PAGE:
DAVID M. BROWN
This letter was posted on-line in its entirety before being published in edited form in the pages of Full Context.
To the editor:
I much enjoyed your interview with Chris Matthew Sciabarra on the issues raised by his book, AYN RAND: THE RUSSIAN RADICAL. Sciabarra's profound and brilliant work is a giant leap forward in Rand scholarship.
In the interview, Sciabarra alludes to my assertion that he has "adopted a `diabolical' plan to use the terms of the radical left to undermine those terms" and so transmogrify the radical landscape, or something. Yes, I did make such a claim, in an unpublished review; it's not an observation particularly original with me, though. One problem I have with the Sciabarran comparison of the Randian dialectics with those of Marx, Hegel, etc., is that I don't think dialectical method can be utterly detached from "content," as in his book Sciabarra sometimes seems to suggest. More than mere linguistic ambiguity is involved here. We are dealing with differing modes of dialectic. Essential features of the competing dialectics clash. In Hegel, the dialectics is metaphysical. Specific philosophical claims are very much bound up with and expressive of his dialectical method -- which is implicitly and explicitly (and always, of course, obfuscatorily) hostile to Aristotle's law of non-contradiction. The dialectical permutations or "triple somersaults" of Spirit are allegedly happening in reality, not just as an incidental and unfortunate requirement of exposition or philosophical integration. This is what Hegelian hurdling of opposites is all about. It gives any sane reader a headache very quickly. But RUSSIAN RADICAL tells us that opposition-transcension is a cardinal, even premier feature of dialectics as such. "The best way to understand the dialectical impulse is to view it as a technique to overcome formal dualism and monistic reductionism," insists the author. (p.16) Sure, Ayn Rand does "overcome opposites" in the sense that she overturns the "false dichotomies" of other thinkers and provides a radical alternative that rejects the common underlying premise of the dichotomy. But she vaults the contradictions of these other thinkers in the polemical part of her project. It's a big part, obviously, but very different from taking those opposites as metaphysically constituent, a duality in reality. While some philosophers have been motivated to work largely by the need to resolve oppositions (such as that between mind and body, or sexual desire and holiness), oppositions that they take to be truly confronting them in reality, Rand's primacy-of-existence premise, carried through, allows her to treat man and reality as unproblematically integrated. She simply does not recognize the dilemmas of perception, knowledge, and living that confo und other thinkers. Sciabarra is keenly aware of all this, of course; that's why he specifies "formal" dualism as the sort of dualism being overcome. But if Rand is dialectical, the pivot of her dialectics is not any struggle to overcome opposites. That's a side issue. This must be so even if, as a matter of fact, Rand could not have arrived at her views without having been forced to take account of sundry false alternatives during the course of her intellectual development.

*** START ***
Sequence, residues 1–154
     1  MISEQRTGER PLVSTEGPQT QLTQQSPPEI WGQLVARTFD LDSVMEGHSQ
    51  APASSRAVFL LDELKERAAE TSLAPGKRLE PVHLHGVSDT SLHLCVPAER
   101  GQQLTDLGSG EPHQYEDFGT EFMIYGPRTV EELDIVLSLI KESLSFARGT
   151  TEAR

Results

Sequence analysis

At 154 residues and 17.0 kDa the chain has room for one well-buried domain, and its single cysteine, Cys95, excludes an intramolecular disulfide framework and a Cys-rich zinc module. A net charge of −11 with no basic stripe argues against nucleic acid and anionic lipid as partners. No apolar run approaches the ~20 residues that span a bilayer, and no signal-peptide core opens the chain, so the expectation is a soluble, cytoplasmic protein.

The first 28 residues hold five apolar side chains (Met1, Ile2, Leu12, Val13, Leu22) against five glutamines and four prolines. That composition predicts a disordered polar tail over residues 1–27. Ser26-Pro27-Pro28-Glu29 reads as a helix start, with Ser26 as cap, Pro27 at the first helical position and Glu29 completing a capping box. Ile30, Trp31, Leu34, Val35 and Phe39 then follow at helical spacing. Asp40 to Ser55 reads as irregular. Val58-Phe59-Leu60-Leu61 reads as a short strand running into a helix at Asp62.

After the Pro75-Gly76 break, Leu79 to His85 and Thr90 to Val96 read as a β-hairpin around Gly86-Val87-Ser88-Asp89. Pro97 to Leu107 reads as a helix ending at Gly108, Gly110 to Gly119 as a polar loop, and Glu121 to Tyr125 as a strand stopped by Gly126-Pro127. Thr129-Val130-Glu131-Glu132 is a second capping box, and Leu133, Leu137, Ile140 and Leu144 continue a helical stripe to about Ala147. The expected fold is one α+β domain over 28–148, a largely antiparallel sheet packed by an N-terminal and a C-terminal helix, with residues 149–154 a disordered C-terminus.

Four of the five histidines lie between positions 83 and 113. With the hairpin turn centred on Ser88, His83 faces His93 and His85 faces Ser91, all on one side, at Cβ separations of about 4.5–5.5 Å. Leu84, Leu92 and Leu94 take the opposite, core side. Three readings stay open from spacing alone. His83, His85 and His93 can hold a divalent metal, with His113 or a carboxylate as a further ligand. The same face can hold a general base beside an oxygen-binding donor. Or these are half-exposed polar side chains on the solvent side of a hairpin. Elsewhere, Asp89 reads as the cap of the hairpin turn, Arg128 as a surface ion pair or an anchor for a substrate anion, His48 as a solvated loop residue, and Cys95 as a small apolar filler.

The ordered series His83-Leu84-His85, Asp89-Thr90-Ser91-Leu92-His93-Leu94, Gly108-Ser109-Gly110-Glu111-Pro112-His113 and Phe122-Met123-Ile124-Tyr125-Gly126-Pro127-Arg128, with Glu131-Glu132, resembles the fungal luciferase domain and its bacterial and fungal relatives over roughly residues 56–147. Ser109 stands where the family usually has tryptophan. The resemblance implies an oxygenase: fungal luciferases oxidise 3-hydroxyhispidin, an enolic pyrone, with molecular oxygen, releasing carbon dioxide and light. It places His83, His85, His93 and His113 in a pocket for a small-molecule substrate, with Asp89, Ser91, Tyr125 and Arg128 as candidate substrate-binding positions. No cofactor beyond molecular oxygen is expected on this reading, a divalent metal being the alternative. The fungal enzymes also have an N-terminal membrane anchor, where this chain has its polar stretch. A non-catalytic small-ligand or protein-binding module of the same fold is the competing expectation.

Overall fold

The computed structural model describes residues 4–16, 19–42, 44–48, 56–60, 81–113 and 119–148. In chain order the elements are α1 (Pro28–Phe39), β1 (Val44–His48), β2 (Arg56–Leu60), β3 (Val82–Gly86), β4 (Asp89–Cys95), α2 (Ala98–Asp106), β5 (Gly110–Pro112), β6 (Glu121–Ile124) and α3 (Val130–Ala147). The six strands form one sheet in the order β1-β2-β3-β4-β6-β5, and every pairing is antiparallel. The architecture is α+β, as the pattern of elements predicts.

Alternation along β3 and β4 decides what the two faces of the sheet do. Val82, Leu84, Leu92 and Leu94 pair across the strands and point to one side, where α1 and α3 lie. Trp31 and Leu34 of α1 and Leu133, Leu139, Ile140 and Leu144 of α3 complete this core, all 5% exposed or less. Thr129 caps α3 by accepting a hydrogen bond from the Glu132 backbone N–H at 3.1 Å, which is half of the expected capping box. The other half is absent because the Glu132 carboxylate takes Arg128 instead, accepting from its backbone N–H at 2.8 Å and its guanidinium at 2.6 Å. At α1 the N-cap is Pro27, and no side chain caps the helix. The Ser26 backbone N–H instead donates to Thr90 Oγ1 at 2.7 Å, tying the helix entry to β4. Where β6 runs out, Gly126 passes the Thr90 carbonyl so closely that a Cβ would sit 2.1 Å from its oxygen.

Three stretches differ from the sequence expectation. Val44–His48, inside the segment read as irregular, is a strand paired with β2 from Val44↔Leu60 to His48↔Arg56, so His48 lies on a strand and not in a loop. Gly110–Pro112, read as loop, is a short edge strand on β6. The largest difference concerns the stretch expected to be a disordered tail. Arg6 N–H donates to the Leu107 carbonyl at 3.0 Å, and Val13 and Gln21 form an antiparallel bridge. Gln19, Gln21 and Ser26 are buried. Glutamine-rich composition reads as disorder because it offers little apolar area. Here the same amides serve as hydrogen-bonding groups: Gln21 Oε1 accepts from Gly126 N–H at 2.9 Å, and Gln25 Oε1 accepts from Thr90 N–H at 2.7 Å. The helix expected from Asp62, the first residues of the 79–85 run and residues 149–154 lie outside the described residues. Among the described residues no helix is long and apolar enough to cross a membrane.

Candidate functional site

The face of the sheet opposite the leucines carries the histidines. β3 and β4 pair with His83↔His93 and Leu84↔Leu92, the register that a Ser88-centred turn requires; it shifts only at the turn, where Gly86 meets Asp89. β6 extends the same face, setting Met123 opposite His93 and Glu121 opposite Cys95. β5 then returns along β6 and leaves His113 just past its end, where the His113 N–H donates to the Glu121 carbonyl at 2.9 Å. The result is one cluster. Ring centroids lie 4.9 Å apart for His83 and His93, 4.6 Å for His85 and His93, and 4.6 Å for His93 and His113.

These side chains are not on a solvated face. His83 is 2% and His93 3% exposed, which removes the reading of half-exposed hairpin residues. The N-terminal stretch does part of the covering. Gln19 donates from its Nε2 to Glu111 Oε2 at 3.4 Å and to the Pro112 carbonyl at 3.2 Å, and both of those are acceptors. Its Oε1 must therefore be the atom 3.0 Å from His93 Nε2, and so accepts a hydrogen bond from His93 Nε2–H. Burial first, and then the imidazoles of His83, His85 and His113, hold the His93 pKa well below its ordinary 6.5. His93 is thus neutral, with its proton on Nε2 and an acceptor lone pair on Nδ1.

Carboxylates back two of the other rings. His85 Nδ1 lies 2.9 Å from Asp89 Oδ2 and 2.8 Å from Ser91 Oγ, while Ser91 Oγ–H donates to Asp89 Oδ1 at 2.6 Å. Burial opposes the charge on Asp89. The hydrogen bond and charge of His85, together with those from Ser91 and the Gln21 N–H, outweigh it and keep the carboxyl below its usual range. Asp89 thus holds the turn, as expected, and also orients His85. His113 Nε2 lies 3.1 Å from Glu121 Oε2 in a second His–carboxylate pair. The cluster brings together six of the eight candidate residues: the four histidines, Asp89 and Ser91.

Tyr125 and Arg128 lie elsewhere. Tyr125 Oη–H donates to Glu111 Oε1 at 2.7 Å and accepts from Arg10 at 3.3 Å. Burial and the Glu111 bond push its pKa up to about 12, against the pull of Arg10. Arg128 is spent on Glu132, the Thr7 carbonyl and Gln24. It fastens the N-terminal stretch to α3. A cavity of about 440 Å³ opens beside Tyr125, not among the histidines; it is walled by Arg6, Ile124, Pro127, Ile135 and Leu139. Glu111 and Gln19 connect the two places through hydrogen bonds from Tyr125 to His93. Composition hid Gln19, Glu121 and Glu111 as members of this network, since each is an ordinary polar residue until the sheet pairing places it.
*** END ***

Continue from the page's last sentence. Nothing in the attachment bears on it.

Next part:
In your interview, Sciabarra says that "Dialectics is opposed to false alternatives." I prefer his characterization of dialectics as a methodological determination to integrate, which in Rand's thought leads to the rejection of certain false alternatives. Another problem with the Sciabarran view of dialectic is that the Hegels and Kants can hardly be said to have surmounted formal dualism and monistic reductionism, even if that were their intention. If Hegel's Spirit ain't a monistic reduction, what the heck could be? (Of course, there may be some dualisms or other that they are overcoming.) Yet these kinds of thinkers are supposed to be the exemplar dialecticians. I submit that what Rand has methodologically in common with them is more limited than Sciabarra supposes. AYN RAND: THE RUSSIAN RADICAL has convinced me that Rand's thought is genuinely "dialectical" and that this perspective is illuminating. But to forestall confusion, a little more clarification of distinctions needs to be done. Method, after all, is what gets us to content. I admit that my criticism is something of a nit-pick, since Sciabarra's own interpretation of Rand's philosophy per se is free of metaphysical idealism. But the issues are fundamental and the assumptions I'm quibbling about could produce dire distortions (of Rand's thought or of Sciabarra's own interpretation thereof). I don't mean the sort of distortions based on hysterical scanning of jacket copy, by the way.
Finally...Dr. Sciabarra deserves great credit for his persistence and care in doing this work. I would caution him to be fully dialectical and hermeneutic at all times, however. Contra Dr. Sciabarra, my name is "David M. Brown"-- not "David Brown," as he carelessly avers in the interview. Check your premises, fella.
David M. Brown
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